There is something endlessly frustrating when a news site launches a redesign that is a barely changed rehash of a large media companies older design.

Few, if any, media companies are backing up their design with user experience science. If the final sites are any indication, we have paid little attention to decades of significant study into UX and reader patterns. We shouldn’t be imitating them.

Instead, we try to determine design based on imaginary user stories and A/B testing. The problem is that when we treat humans as users, we forget to account for designing in a way that matches how real people read. When we A/B test there is the potential to find better designs that still aren’t good.

The first value every site design should solve for is readability. The people who come to news sites are there to read. Yet bad design patterns that challenge readability don’t just abound, they multiply.

The last few years have seen an explosion of low-contrast text, despite it being obviously harder to read.

Lines with too many characters also continue to plague websites, making them difficult to scan and forgetting the basic column-width lessons we learned laying out print newspapers.

The undifferentiated grid is another example of a common design pattern, which experienced growing popularity due to ease of scalability for responsive designs. A series of identical boxes makes no sense when compared to how our audience actually looks at the page.

This isn’t to say complexity is impossible, in fact we should consider it required.

  • Abandon the “clean” design and build sites that respect our readers interest in finding the news.

  • We can dig into scanpath theory and find opportunities to present visual complexity to inform the reader.

  • It is to our financial advantage to do so, driving additional engagement and page depth.

Studies exist to tell us how our audiences interact with pages in a general sense, we tend to ignore it. Understanding how our readers eyeballs work in the general sense means building designs informed not by trends or other news orgs, but by science. Much of that science is publicly available, waiting for us to use.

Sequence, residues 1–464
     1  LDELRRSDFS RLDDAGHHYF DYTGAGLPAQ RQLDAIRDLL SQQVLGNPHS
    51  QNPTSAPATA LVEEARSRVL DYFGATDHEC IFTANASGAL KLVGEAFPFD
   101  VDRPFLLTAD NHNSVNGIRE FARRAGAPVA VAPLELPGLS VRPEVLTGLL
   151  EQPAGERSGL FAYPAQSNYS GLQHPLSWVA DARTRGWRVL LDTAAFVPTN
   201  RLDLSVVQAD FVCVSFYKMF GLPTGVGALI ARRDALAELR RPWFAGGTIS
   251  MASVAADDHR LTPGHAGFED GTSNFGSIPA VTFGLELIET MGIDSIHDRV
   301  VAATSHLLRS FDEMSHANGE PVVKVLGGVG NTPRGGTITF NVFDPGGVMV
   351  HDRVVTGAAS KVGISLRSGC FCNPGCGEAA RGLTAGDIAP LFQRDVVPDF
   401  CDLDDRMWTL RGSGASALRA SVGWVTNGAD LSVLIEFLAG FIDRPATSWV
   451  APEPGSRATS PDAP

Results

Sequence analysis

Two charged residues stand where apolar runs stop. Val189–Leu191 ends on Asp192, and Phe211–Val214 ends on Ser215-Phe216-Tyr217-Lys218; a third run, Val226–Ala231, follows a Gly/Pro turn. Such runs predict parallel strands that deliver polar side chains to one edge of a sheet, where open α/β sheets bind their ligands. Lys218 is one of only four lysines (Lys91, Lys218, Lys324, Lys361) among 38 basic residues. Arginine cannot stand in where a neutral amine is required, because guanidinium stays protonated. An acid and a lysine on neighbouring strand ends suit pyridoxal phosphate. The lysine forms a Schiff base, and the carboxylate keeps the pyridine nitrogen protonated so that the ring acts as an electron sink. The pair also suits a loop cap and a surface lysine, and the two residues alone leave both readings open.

We can also start borrowing scientific methodologies to better understand our individual audiences and, in the process, connect with them. Eyetracking hardware is dropping in price, and is well within the range many news organizations should consider a purchase.

User studies are another way to take basic UX techniques and use them to improve your site and connect with readers. Reach out to the community and invite them to test draft redesigns or tweaks. Designers and developers should be observing and asking questions.

News organizations can give their audience the opportunity to interact with the people who make the site and learn what their preferences are directly. At the same time, your readership can begin to feel like they have a stake in how in building the site.

A nice after-effect? Making readers feel valued by your organization.

The first step is to use real data, the big kind that comes for complex scientific studies and the small kind that comes from talking design with our readers.

With better tools and connections into the community we can start driving better choices to impact how we build the news. The news media can start looking at atomic, delayed, or personalized news with the confidence that we can build whole new workflows for reportage that create better engagement with our audience.

This piece is for Carnival of Journalism.

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